There is a human rights crisis in Xinjiang Uyghur Autonomous Region in China, known to local people as East Turkestan (Uyghur Region). Since 2017, the Chinese government has placed an estimated 1.8 million predominantly Turkic and Muslim-majority peoples, including Uyghurs, Kazakhs, Kyrgyz, and Hui, in detention camps, prisons, and factories.
“Human Rights Risks in Xinjiang Uyghur Autonomous Region – Practical Guidance for Investors” informs investors of the salient risks to people associated with the business activities of their portfolio companies in or connected with the Uyghur Region. It provides practical guidance to investors on how to engage with its portfolio companies, as well as other stakeholders, to identify, prevent and mitigate those risks, as they may arise at different stages of the business process or the product lifecycle.
This Guidance discusses:
Human Rights Due Diligence and the challenges of applying commonly used methods of human rights due diligence to business activities in or connected with the Uyghur Region. It highlights key UN Guiding Principles concepts that enable investors to conduct enhanced human rights due diligence of their holdings as appropriate for conflict-affected and high-risk environments.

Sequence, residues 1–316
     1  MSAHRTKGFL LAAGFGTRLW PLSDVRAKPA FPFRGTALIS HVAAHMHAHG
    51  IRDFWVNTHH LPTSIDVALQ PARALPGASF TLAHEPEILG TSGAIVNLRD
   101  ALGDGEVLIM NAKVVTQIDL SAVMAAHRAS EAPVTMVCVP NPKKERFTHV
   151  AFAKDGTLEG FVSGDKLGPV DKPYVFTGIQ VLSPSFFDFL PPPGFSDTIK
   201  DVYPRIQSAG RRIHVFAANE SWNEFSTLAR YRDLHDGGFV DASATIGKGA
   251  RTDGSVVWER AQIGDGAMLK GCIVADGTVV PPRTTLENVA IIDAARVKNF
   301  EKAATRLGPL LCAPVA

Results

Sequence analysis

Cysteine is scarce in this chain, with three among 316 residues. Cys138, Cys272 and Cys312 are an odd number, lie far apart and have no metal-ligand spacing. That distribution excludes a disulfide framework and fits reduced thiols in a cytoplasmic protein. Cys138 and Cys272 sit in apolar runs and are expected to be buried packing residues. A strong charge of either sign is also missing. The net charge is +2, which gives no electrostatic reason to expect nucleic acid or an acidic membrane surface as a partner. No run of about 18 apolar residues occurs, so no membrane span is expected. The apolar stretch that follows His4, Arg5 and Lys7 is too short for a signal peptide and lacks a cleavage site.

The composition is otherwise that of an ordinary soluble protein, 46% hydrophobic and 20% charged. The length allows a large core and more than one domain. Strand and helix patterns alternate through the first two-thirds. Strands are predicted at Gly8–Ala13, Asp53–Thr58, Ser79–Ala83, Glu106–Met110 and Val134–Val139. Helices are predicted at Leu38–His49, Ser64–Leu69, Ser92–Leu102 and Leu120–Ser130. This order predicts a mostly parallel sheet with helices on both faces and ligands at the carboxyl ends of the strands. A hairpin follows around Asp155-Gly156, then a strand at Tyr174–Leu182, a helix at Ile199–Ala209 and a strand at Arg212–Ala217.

Assessing Exposure and Engaging with Portfolio Companies during investment decision-making processes and throughout the investment lifecycle for salient human rights risks. It addresses investors’ risks of holding shares in companies involved with adverse human rights impacts in the Uyghur Region and discusses responsible divestment where companies are unwilling or unable to prevent or mitigate such adverse human right impacts.
Guiding questions for investors to address with portfolio companies in order to evaluate efforts to conduct human rights due diligence and to address and manage actual or potential human rights risks in their operations and value chains, connected to the Uyghur Region.
Collaborative action with other investors, civil society stakeholders, international organizations, and policymakers as likely the most effective way to amplify investor leverage to encourage companies to take action to address human rights harms and to achieve more impactful outcomes due to the systemic nature of the human rights violations in the Uyghur Region and the perpetration of abuses by Chinese authorities.
Read more here.